“Like one that on a lonesome road
Doth walk in fear and dread,
And having once turned round walks on,
And turns no more his head;
Because he knows a frightful fiend
Doth close behind him tread.”
“The Rime of the Ancient Mariner”
~ Samuel Taylor Coleridge ~
This business of soul searching is one of the more over-verbalized terms yet grossly under-utilized practices, if the drudgery of our collective lives in Western culture is any indication.
Many of us spend a lifetime doing perfunctory soul searching, and when that turns up little or no evidence of what our soul dares speak to us, we go about our journey, until the next albatross flies overhead and leaves a souvenir of its fly-by in our wake.
Coleridge is onto something relative to soul searching and mariner trekking. That which I most fear and dread, and which most closely dogs me like the Jesus/cat in the alley that Anne Lamott speaks of relative to her religious conversion experience, that is my thing. So this paranoid tendency of looking backwards and shoulder checking, as the mariner does, is actually a sound soul searching method. By exploring the trail from whence I came, I can get a pretty good idea of who or what my albatross is and what it means vis-a-vis my life’s mission and purpose.
How many of us can remember or map the countless times our albatross came calling? Mine hovers nearby at myriad life moments. Sometimes it’s when I’m trudging through life like the mariner, using fear instead of faith as my compass. During those endless jaunts, I’m not likely to be looking up so it makes itself known by squawking faintly somewhere near the abyss of the distant horizon. At other times, I hear its call “dale and plain.”
Those obvious calls are overt, even a little audacious. My albatross appears everywhere then – in bookstores, on television, dressed up as my Great Aunt – it begins to look and sound like a multi-media bombardment and aviary cacophony at some stages. And yet still, I have been known to ignore it. Daily life drudgery wins out yet again, if in ever so temporal a fashion. And to quote Lamott yet again (she knows a thing or two about spiritual demons), “you can get the monkey off your back, but the circus never leaves town.”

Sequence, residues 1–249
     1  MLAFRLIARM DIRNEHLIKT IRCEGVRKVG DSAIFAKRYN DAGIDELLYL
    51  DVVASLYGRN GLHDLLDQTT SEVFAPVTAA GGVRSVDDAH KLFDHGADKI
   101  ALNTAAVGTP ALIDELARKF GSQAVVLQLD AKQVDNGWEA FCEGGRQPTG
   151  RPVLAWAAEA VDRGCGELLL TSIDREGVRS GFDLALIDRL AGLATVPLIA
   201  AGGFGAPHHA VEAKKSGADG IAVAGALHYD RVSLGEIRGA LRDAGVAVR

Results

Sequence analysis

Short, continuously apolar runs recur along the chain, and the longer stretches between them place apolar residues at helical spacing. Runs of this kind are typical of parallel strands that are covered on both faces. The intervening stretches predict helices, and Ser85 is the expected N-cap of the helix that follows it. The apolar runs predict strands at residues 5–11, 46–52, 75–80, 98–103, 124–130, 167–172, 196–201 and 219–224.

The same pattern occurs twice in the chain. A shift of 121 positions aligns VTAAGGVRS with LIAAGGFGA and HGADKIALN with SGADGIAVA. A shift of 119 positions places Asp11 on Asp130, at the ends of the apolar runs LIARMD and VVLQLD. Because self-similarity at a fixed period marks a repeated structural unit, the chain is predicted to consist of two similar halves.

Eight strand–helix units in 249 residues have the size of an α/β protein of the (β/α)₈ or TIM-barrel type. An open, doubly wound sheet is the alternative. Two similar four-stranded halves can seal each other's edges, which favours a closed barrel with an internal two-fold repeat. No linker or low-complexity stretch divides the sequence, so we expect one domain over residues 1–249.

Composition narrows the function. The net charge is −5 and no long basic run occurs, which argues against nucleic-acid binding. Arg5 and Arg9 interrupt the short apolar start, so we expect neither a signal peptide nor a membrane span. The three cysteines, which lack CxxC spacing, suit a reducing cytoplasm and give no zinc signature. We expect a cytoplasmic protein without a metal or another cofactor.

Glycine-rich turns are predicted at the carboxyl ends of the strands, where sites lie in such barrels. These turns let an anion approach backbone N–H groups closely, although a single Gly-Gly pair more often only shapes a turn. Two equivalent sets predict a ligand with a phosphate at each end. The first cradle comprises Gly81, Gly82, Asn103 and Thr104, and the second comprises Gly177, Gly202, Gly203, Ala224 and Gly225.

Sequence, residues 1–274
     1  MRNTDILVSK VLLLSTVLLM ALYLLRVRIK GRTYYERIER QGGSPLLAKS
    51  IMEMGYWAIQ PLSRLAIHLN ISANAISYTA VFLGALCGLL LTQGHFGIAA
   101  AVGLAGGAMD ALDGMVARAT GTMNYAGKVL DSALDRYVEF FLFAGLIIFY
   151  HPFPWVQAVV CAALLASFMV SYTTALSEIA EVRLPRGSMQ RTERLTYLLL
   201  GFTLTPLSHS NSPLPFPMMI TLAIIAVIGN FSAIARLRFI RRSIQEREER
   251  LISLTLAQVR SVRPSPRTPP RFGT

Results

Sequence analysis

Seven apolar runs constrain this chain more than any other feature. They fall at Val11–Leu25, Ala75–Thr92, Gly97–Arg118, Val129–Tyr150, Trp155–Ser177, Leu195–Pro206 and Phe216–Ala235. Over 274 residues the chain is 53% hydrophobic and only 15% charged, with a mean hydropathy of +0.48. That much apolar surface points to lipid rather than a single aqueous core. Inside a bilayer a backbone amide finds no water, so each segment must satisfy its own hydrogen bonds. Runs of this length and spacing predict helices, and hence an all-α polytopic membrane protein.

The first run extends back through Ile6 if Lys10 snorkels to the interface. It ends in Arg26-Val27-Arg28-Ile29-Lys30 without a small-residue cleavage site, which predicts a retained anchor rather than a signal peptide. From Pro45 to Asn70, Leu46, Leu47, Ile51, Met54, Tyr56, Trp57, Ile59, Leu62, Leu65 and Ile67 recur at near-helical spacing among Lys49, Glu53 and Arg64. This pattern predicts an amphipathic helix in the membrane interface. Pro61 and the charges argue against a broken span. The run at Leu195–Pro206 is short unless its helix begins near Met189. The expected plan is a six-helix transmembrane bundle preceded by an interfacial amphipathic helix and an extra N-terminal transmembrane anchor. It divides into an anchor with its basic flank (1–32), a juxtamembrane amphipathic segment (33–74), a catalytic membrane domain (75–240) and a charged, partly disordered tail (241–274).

Monkeys, albatrosses, cats – let’s face it – we all have our own animal farm within, a veritable wild kingdom of baboons and mynah birds that drive us to the brink of madness. Our main life trick – perhaps the only one we really need learn – becomes how to hush, tame and then feed our inner caged animals so that they might stop clawing at our shoulders and screeching in our ears.
My own soul searching process can be likened to the Via Negativa (negative way), a method of discerning the divine adopted by negative theologians. So that is to say, I have mostly come to an intuition and acceptance of my calling as a result of what it is not. For instance, I know that cooking and cleaning and bean counting aren’t my things. I know this because I consider each of these three activities an energy-sucking means to a glorious and important end. But not one could be classified as my raison d‘être.
So when I hold my energy meter (think woo-woo metal detector) up to my life’s duties, roles and other pursuits, I can then make a visceral assessment that if it fails to make my energy meter SIGH!, as measured by activities that feel Significant, Inspiring, serve some greater Good and make me and/or others Happy, then that particular thing is probably not it.
Now for some, a more positive approach might be in order, processes of elimination being tedious and all that. In that case, cutting straight to the happy, happy, joy, joy, wild thing, heart sing list becomes the order of the day. This isn’t always altogether a straightforward sleuthing either. Case in point, I know that enjoying a triple-scoop grape ice cream and dancing like a whirling dervish are two activities that would assuredly be on my top five happiest and most joy-filled moments in life. Neither translates into any kind of viable vocation or avocation – indeed, these would more likely make it onto my ideal vacation list instead. And yet each provides an important glimpse into the types of things – ie. simple life pleasure and a meditative trance movement – that ground me in the moment and help me forget space and time.
And so that is the kind of inner globetrotting a modern mariner must do. Unpack the backpack, get comfy in an REI camp chair, and sit for a minute or two or seven hours or a year and get real and raw with your own personal compass, maps and artifacts, which are the clues of your life that take the myriad forms of cherished photos, favorite stories, obsessive/compulsive tendencies and idiosyncratic behaviors, most coveted momentos and collections, professional profiles, business cards, between the cracks of your curriculum vitae, the three most avoided items on your bucket list, and if all that fails, your family obligations and legacies.
What is the central story your life has told thus far and in what ways is your inner protagonist urging you to write your next chapters? To whom should you be dedicating these chapters and your entire life’s book?
The key artifacts aren’t always obvious – some can seem mighty esoteric – but pile them in one place and begin to group them, and slowly, surely, magical patterns and clues will begin to emerge.
And if they don’t, expect a visit from your friendly neighborhood albatross, monkey or stray cat. Somehow, they always know where to find you.